Landlords urged to fit carbon monoxide detectors ahead of law change



Carbon monoxide detectorHousing and homelessness charity Shelter Scotland is urging landlords to install carbon monoxide alarms in their properties ahead of a change in the law.

New guidance just issued by the Scottish Government says that, from 1st December 2015, all privately rented properties with fuel-burning appliances have to be equipped with carbon monoxide detectors and alarms.

Shelter Scotland, who along with Scottish Gas pushed for this change in the law, says the move is good news that will save lives from what is called the ‘silent killer’. The charity said landlords don’t need to wait until 1st December and should fit the monitors now, potentially saving lives.

Carbon monoxide is colourless, odourless and tasteless. At worst its effects are fatal, so the sooner it is detected the better. Carbon monoxide is mainly leaked by faulty or badly-maintained fuel-burning appliances (like gas, coal and wood) where there is insufficient ventilation.

Research released last year by Shelter Scotland and Scottish Gas showed that 5 per cent of renters in Scotland said they had suffered from carbon monoxide poisoning while around 51 per cent of renters had had a safety check and certificate provided by their landlord. Around 20 people a year die in the UK from carbon monoxide poisoning.

Graeme Brown, director of Shelter Scotland, said: “It’s very welcome news that from 1st December thousands of households across Scotland will be protected from disasters waiting to happen. Carbon monoxide is a silent killer and is particularly dangerous to children, elderly people, expectant mothers and people with health problems.

“It’s absolutely vital that landlords who haven’t fitted CO alarms now comply with the law and make this change to their properties to protect their tenants and stop putting people’s lives at risk. Landlords also need to ensure that annual checks such as a gas safety check are carried out.”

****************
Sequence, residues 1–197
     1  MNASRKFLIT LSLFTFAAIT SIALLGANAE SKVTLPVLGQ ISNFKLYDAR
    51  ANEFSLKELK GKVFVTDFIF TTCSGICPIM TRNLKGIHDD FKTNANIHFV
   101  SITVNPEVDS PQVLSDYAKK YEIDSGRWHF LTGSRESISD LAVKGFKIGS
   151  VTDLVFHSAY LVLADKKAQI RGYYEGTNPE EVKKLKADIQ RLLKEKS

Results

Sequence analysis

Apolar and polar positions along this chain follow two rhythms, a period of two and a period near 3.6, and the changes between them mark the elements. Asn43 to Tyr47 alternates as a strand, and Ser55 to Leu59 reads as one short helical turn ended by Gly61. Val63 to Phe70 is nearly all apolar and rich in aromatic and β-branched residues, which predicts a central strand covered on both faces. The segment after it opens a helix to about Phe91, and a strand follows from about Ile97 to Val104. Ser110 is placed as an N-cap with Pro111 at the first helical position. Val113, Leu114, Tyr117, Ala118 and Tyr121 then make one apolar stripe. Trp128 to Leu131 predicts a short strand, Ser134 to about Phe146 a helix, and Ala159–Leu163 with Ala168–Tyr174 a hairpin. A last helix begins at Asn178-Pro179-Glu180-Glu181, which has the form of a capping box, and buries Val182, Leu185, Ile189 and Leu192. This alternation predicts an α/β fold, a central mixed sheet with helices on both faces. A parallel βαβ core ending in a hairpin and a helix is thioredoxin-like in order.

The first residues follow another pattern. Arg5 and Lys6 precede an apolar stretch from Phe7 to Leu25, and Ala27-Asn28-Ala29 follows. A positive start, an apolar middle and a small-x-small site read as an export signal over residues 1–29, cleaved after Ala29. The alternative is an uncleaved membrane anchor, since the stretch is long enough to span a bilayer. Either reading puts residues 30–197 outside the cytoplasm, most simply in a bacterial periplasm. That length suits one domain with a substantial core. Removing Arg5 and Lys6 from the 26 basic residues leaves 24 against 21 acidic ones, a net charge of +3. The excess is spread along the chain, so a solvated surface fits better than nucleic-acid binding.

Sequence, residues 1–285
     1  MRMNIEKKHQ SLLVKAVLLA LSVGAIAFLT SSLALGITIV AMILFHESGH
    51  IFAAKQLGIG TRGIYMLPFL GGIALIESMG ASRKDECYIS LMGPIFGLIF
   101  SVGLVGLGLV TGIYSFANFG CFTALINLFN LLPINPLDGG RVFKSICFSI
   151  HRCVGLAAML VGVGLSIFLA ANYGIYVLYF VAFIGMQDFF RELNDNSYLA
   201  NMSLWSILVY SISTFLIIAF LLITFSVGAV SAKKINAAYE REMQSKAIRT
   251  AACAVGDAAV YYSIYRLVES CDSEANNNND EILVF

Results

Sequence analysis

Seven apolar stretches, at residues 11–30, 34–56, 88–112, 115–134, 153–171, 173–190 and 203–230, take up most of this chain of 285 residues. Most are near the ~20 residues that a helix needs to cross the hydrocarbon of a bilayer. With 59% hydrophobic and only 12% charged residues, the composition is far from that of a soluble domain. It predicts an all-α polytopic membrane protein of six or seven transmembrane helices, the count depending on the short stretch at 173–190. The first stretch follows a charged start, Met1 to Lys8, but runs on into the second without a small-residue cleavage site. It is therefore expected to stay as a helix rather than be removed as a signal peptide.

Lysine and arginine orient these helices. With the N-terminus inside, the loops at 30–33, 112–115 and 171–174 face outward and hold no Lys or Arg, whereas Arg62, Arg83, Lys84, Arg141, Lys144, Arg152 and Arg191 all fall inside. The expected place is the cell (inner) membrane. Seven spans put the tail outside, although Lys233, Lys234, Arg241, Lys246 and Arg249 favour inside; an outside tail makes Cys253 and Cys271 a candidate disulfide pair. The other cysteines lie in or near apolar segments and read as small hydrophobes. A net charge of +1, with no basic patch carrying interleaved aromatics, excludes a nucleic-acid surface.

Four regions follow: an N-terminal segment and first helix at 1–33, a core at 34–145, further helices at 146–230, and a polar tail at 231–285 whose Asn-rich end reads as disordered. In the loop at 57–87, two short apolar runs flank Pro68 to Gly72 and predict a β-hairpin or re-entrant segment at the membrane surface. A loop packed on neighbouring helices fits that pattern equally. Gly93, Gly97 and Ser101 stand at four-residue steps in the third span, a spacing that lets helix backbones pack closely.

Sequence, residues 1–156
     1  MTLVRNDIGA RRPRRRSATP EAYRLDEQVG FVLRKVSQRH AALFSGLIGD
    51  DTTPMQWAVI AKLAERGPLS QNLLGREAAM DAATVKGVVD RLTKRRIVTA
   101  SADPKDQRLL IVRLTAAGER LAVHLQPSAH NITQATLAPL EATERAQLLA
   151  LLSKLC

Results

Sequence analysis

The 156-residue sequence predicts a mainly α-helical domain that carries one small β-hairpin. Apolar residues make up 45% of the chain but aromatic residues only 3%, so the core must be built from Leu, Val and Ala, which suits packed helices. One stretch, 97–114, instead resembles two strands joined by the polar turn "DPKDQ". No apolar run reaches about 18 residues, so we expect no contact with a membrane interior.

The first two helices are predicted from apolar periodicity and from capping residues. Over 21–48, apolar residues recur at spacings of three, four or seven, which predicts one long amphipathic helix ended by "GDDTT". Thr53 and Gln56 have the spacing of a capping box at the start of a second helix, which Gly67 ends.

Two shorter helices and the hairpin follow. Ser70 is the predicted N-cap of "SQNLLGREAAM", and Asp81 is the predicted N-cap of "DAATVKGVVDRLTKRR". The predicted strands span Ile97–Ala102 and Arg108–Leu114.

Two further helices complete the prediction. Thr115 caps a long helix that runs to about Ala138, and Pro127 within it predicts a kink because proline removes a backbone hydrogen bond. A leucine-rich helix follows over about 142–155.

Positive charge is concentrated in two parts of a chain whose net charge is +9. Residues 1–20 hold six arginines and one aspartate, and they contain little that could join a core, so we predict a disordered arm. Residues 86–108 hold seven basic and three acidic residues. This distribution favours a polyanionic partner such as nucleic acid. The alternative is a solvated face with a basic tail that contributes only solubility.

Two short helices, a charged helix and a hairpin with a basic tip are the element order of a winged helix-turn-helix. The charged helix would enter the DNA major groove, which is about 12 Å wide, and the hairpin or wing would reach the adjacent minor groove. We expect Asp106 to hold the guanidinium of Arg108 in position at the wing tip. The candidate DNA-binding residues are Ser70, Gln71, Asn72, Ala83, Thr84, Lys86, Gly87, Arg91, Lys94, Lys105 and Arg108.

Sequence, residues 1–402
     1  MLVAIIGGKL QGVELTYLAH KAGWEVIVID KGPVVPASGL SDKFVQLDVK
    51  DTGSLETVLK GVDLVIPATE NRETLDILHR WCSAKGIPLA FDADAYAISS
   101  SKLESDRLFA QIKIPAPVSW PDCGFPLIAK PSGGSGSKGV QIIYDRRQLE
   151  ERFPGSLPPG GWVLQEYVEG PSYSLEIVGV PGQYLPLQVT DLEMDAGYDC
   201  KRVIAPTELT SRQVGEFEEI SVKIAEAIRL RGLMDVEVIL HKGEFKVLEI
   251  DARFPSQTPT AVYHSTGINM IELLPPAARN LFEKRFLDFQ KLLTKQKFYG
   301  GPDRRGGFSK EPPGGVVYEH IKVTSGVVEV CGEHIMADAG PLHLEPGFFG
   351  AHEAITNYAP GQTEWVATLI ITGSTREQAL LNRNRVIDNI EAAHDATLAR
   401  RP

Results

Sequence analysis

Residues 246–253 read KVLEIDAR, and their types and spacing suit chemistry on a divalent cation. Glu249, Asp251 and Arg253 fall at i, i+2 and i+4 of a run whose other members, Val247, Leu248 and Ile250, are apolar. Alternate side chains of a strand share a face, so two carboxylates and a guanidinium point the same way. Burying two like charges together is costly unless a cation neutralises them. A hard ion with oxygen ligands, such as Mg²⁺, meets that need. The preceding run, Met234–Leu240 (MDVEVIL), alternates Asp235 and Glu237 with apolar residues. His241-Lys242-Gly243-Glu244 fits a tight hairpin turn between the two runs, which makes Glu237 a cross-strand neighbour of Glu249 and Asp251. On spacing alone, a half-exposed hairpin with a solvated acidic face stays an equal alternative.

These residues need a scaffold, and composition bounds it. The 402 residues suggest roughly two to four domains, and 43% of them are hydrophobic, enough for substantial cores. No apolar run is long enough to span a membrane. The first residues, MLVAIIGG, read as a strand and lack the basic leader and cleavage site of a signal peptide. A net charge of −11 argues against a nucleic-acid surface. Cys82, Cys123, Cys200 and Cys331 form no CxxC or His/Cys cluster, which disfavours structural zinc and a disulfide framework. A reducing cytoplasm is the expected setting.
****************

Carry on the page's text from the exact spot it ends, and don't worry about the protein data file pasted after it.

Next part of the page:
Graeme Brown added: “This guidance gives landlords a head start ahead of the change in law so there’s nothing to stop them installing carbon monoxide alarms now and make their properties safer, sooner.”

Edinburgh Southern MSP, Jim Eadie, who tabled the amendment to the Housing (Scotland) Bill which requires all landlords to install carbon monoxide monitors in properties which they let, said: “I am delighted that the Housing Bill was amended to ensure that carbon monoxide monitors – which are quick, easy and cheap to fit – become standard and will become law on 1st December.

“I’m also keen to see this change as part of an evolution in private renting, where stability and security become the norm and where, as a result, tenants feel comfortable in asking for the services and improvements which turn a private let into a home.”

Shelter Scotland and Scottish Gas have joined forces in a unique partnership to improve homes in the private rented sector.

Christine McGourty, managing director of Scottish Gas, said: “We’ve worked hard with Shelter Scotland to raise awareness of the dangers of carbon monoxide and make sure people in rented homes are protected.

“Our partnership with Shelter is helping to make rented homes safer and raising standards for thousands of people in Scotland.”

For more information about the dangers of carbon monoxide, please visit thesilentkiller.co.uk.

@shelterscotland



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